I don't have any advice on how to approach businesses other than just asking. I am a sales rep for a small bread company and my own small bus. and I just plain out ask people if they want to carry our product. (insert sponsorship for your son).
But what I would do, is create a shared Google document where all the team members can access it and write up a spreadsheet of places where they want to approach, where they did approach, and if they got a yes or no. This way the same attorney in town is not getting asked 4 times.
Make up a little poster/flyer of what the sponsorship entitles. ie....sticker/logo on robot, name/logo on shirt, name on presentation table. thanked when team wins. Do they get to write off the money donated? People like to give when they get.
Make sure you get an image/logo from the business so you can download it on to the computer and make sticker with labels you can get at office depot or the like.
When your son and team members approach a business have them make a profolio of their track record, what they hope to achieve with the sponsorship, what their goals are this year...ect. Its like of like applying for a job.
Value proposition. What value is the company getting?
In some instances, the value is simply the good feeling of helping out.
In others, more is needed (see posts above).
My office has a policy of supporting youth sports. We don't donate to much else. It makes my life easy to be able to say (since I'm just an employee, not an owner), "No, sorry but we have decided to give our sponsorship dollars to youth sports." Or, "Sure, your organization might qualify, I will bring this to the business owner for consideration."
You never know what kind of obsessive compulsive crazy person you are until another person imitates your behaviour at a three-day. --Gry2Yng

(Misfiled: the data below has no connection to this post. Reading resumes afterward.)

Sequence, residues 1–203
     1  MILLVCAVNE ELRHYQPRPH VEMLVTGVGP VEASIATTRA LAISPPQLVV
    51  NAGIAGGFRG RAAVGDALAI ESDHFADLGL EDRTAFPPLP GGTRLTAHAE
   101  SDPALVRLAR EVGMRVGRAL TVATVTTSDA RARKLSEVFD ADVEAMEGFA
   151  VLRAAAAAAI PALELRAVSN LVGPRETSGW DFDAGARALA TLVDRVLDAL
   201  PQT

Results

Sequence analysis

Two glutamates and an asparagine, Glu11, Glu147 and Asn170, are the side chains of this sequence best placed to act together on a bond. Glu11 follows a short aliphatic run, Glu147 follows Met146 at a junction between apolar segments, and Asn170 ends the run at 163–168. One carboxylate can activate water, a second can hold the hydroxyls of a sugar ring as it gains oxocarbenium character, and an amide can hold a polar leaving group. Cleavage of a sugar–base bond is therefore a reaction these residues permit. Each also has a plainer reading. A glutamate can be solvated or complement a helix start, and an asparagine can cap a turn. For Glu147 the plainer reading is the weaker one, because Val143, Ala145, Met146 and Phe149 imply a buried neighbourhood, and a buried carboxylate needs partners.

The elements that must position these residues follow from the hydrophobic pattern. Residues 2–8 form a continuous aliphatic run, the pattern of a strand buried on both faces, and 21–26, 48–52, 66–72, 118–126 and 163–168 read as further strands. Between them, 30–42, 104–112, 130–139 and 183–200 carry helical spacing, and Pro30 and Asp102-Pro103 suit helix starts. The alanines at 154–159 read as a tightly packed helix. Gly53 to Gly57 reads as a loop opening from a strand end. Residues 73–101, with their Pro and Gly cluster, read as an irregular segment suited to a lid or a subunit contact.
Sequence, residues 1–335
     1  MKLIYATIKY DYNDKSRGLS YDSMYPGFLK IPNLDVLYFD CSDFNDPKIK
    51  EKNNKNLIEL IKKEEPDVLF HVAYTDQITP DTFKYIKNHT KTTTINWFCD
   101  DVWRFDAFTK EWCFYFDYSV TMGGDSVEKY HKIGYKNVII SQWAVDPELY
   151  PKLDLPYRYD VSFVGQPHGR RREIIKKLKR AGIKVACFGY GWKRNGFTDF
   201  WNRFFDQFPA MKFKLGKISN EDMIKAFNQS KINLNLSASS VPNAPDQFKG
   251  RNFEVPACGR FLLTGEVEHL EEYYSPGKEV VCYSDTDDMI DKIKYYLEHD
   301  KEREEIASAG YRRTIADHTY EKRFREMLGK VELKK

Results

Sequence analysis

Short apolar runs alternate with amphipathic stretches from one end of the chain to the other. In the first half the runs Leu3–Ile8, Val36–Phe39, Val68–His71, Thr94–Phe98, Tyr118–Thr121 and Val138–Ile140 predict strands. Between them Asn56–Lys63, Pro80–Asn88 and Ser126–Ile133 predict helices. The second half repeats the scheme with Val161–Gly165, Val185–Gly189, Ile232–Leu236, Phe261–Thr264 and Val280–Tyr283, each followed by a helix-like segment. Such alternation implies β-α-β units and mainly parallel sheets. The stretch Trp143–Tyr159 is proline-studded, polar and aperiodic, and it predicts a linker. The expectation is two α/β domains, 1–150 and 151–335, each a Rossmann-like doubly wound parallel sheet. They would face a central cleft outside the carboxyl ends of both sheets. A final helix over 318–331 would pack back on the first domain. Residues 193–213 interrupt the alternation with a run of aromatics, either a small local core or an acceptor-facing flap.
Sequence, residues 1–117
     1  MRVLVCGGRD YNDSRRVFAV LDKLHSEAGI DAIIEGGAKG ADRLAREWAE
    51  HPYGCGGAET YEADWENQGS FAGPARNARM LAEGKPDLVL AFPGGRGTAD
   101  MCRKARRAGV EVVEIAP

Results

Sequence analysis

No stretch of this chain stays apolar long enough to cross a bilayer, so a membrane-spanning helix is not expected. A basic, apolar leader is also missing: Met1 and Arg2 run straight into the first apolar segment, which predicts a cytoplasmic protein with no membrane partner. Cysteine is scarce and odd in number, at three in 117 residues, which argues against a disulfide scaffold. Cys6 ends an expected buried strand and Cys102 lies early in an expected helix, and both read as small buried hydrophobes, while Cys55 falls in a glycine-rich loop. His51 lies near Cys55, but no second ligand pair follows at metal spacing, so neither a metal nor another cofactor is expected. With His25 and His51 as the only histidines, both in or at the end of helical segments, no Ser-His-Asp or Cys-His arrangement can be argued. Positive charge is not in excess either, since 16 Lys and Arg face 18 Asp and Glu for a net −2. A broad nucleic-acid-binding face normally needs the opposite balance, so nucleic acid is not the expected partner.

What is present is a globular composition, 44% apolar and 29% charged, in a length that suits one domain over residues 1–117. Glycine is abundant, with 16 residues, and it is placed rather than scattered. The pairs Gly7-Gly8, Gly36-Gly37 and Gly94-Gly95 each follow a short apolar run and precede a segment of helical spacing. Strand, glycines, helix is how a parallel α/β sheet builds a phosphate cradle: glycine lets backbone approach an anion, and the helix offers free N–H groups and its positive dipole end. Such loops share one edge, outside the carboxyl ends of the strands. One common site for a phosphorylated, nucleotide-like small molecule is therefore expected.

Don't forget donations/private sponsors. My nephew's marching band had a prestigious event. They had to raise a huge amount of money and had found this method to be very successful: Send an announcement to 10 friends or family members with the details of the competition; make it like a brief flyer. At the bottom of the flyer, have a tear-off portion with your son's name, the event, The deadline, and a blank line for them to fill in their donation amount. Of course, include a stamped self-addressed envelope. His band discovered this to be very lucrative. They expected family members to donate maybe $10 each, but many people donated $50 or $100.
Find a way to advertise the local company with signs in the mall, etc.,name of the supporting companies on the back of the t-shirts. Something that the company can use as a tax receipt for the donation? It is a relatively small amount of $ and we love helping local kids do something like this.
Local newspapers are very good at writing up local kids and wold mention the sponsors...
These kids are the leaders of tomorow.
Proud member of People Who Hate to Kill Wildlife clique
That's a great idea PeteyPie. Never would have thought of that.
I'm not sure what the companies would get out of sponsoring the Robotics team. I'll forward these ideas to my son and he can bring them up with the team.
It was easy when I was responsible to getting sponsorships for a charity horse show because I was fund raising for other people. It's harder to wrap my head around fundraising for my own kid. I offered to 'sponsor' him myself but I guess getting out and talking to real businesses is part of the learning experience.